Melvin Soh, together with his business partner Josiah Tan, created X-Factor Marketing due to an unexpected phone call in 2018. From the call, he was informed that his mentor had a heart attack and will be unable to continue the seminars in Asia that Melvin promoted himself. Wanting to continue his mentor’s legacy, he and Josiah launched their own series of seminars that focus on teaching the X-Factor method. This X-Factor method, according to Melvin, is “the same formula that the top brands in the world and famous Hollywood celebrities routinely use to shoot to the very top of the industries.”
NEXT: And Speaking Of X-Factor
X-Factor Marketing is a program focused on teaching the X-Factor method via providing high-impact workshops, private consulting, and online library of digital products. Meanwhile, X-Factor method is marketed to be a formula used by successful businesses and personalities to build a reputable social presence and make the income that they want. The said method, according to Josiah, is proven since they used it to make millions. “X-Factor Method exists to uplift the business community by providing transformational solutions for entrepreneurs, helping them to better their lives, level up their marketing, and expand their business,” Melvin claims.
The pitch starts as a free webinar but there is no information on the site on their supposedly flagship 3-day workshop modelled after the seminar of Melvin’s mentor Marshall Thurber. The price of their digital resources is not listed either.
What is listed, however, is a brief biography of Melvin Soh’s life. He revealed his story that led him to being a college dropout – implying he is doing well in his academics since he is getting excellent grades but had no interest in the conventional path of achieving success. He also shared his failed ventures in the past, from an internet biz with a friend in 2009 to an online dating product for Asian dudes. Every business he had never performed well until he attended Marshall Thurber’s event called The Future of Business in Melbourne. Marshall become his mentor after he paid him, claiming such investment was reasonable and that it will be unfair to Marshall if he did not demand a payment for mentorship. From applying what Marshall taught, he claimed to turn a few hundred dollars biz to a few thousands’ dollar a month. He enhanced his mentor’s method by adding his own knowledge to what now he calls the X-Factor Method.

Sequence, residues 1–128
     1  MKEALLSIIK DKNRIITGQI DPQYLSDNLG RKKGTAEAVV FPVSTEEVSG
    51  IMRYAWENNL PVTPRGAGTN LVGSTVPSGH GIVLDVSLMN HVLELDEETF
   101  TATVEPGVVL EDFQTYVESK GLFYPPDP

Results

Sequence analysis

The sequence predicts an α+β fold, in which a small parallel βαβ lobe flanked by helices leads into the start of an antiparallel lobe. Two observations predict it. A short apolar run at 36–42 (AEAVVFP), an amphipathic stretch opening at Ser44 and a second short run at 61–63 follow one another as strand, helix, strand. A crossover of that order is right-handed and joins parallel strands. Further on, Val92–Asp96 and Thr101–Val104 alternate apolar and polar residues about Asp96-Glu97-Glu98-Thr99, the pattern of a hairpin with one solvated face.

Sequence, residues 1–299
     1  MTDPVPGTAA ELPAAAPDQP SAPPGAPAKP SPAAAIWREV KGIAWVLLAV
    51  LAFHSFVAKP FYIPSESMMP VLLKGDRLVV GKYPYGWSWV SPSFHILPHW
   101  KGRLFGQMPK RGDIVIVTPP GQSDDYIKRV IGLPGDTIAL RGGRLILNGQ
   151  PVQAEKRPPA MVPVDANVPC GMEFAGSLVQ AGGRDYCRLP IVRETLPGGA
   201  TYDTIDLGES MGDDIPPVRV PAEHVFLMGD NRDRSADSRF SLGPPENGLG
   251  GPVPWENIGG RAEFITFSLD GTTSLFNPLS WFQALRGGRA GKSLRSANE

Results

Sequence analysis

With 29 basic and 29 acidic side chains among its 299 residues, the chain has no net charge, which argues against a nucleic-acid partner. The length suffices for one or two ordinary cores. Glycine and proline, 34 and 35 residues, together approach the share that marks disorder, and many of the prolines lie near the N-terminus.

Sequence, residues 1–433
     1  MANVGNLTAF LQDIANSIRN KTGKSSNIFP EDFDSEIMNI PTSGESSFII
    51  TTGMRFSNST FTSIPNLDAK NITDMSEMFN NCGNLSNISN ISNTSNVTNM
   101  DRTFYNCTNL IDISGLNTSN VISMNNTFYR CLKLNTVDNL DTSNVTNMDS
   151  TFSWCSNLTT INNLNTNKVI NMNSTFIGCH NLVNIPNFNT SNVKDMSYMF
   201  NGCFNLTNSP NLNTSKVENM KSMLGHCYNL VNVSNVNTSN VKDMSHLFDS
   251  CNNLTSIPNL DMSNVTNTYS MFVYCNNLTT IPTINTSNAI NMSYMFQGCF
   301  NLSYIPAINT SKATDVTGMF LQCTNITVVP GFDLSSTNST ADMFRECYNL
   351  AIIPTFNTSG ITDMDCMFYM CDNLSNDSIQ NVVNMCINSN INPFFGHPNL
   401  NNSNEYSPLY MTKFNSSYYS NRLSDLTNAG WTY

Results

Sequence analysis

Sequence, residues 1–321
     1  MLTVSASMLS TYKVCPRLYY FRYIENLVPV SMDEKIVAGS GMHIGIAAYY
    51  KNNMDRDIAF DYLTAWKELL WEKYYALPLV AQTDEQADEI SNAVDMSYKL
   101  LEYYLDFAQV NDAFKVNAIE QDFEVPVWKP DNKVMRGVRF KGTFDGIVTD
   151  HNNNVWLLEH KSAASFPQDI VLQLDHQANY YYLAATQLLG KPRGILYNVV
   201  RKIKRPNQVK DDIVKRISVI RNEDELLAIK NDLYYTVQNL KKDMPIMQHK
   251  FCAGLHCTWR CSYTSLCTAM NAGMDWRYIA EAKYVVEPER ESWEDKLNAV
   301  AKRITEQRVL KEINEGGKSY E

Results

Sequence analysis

From the biography, Melvin seems to be a humble and relatable person. However, the fact that this is only the major information on their site is very off-putting. He is very transparent to his personal life, but the opposite can be said on his X-Factor method program. No mention of their pricing scheme whatsoever but it is allegedly around $1000-$1500 for the workshops. The site is also very confusing to navigate, only filled with unverifiable testimonials, and in general looks like something made by a html newbie. Worst, a well-written review in Trustpilot claims that there is an upsell for their Inner Circle 1-to-1 Coaching and that the primary motivation for her to leave a review is a $10 Grab voucher offered by Melvin himself. She even added that she hopes of still qualifying for the said freebie received by others who only said the pros of the program.
Ironically, it also seems that Melvin cannot apply what he preaches due to his unimpressive social media presence. His YouTube Channel founded in January 2017 is still at 353 subscribers and 252, 269 views. Worst, more than half of his views comes from the paid promotional video of the program. His Instagram numbers are better at 10.6k followers but there’s a noticeable discrepancy between the followers count and the average likes in his post which seems to be less than a hundred. To be fair, the number of likes is not the end all be all measure of social media success, but the low numbers is still pathetic for a self-proclaimed marketing guru like Melvin.
To conclude, it is recommended to find better marketing programs in terms of transparency and track record than the X-Factor Method. It is very concerning that a company claiming to be making millions of dollars cannot afford to build a decent website. Other red flags such as hidden upsells and Melvin’s failure to build a decent social media following solidifies the conclusion that this program is not worthy of your time and money.
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